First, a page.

My arrival in Marrakech

The following excerpt is from a blog i wrote on my psychology practice site. You can read the full story at


I flew from D.C. to Casablanca on an overnight flight. When I arrived, I discovered that my ride was cancelled. My new driver, who I had never met, was a retired commander in the Moroccan military. We would be driving three hours to Marrakech. The next day we would drive another 7 hours to Tetouan. He only spoke only Moroccan Arabic and French. I only spoke French, which is a joke because my French is terrible. Well, my French is good enough to be polite. Anyway, it was the only common language to for us to work with. English and Arabic were wasted on each other. We spent 36 hours together, driving and sharing meals with a huge language barrier and absolutely nothing in common. He seemed about my age. When we had lunch in Marrakech, and I decided to share photos of my family. His face lit up. He shared photos of his family. We had something in common. Additionally, it is also pretty easy to express a mutual appreciation for red meat and beer. We were connecting and eventually managed communicate effectively. At the end of our journey, we were friends.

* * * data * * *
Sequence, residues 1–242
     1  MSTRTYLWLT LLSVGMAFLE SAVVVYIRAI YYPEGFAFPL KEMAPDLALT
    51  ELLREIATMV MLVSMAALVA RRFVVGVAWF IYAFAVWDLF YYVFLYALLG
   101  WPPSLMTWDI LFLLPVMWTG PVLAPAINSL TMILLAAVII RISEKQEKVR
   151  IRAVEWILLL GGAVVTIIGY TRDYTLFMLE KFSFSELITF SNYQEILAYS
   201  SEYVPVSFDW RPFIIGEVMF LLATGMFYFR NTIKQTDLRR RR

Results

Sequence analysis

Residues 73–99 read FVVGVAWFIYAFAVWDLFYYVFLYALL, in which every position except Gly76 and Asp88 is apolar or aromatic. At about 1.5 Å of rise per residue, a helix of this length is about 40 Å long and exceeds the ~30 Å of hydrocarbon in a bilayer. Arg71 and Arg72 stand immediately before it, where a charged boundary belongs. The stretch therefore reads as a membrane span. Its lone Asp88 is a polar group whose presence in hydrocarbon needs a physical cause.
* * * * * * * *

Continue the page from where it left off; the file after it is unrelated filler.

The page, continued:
Once I arrived in Tetouan, I felt an immediate assault of the senses. My artist friend, from Australia, called it the Moroccan Stampede. I walked through the tightly wound medina with no sense of north. The sights, sounds, and smells are in itself a culture shock. There is an old poem about Tetouan that still holds true today. Loosely translated, it describes the air as poison, the water bloody (in the streets, not from the faucet), and its health could make you sick. And it did! One person in our group ended up in the hospital and went home early. Another was too overwhelmed to stay. Others had to lie down at random moments because it was all too much to push on as if it was just another day, or just another trip to a comfortable city.

While my description may not inspire you to bring the family over the winter holidays, the air was also filled with mystique, and echoes of the sounds of the call to prayer. Most importantly, there was lots of space for gaining personal insight and reflection. It is no wonder that each day, I needed to retreat to my Riad, Hotel El Reducto, to rest from this cultural assault. This daily rest allowed me to learn, adapt, and be ready to proceed to the next day’s life lesson.

The painting below is one in a series of #wallwhispering paintings i have created of my experience walking the streets of Morocco admiring the walls and their history. Click the link below to review.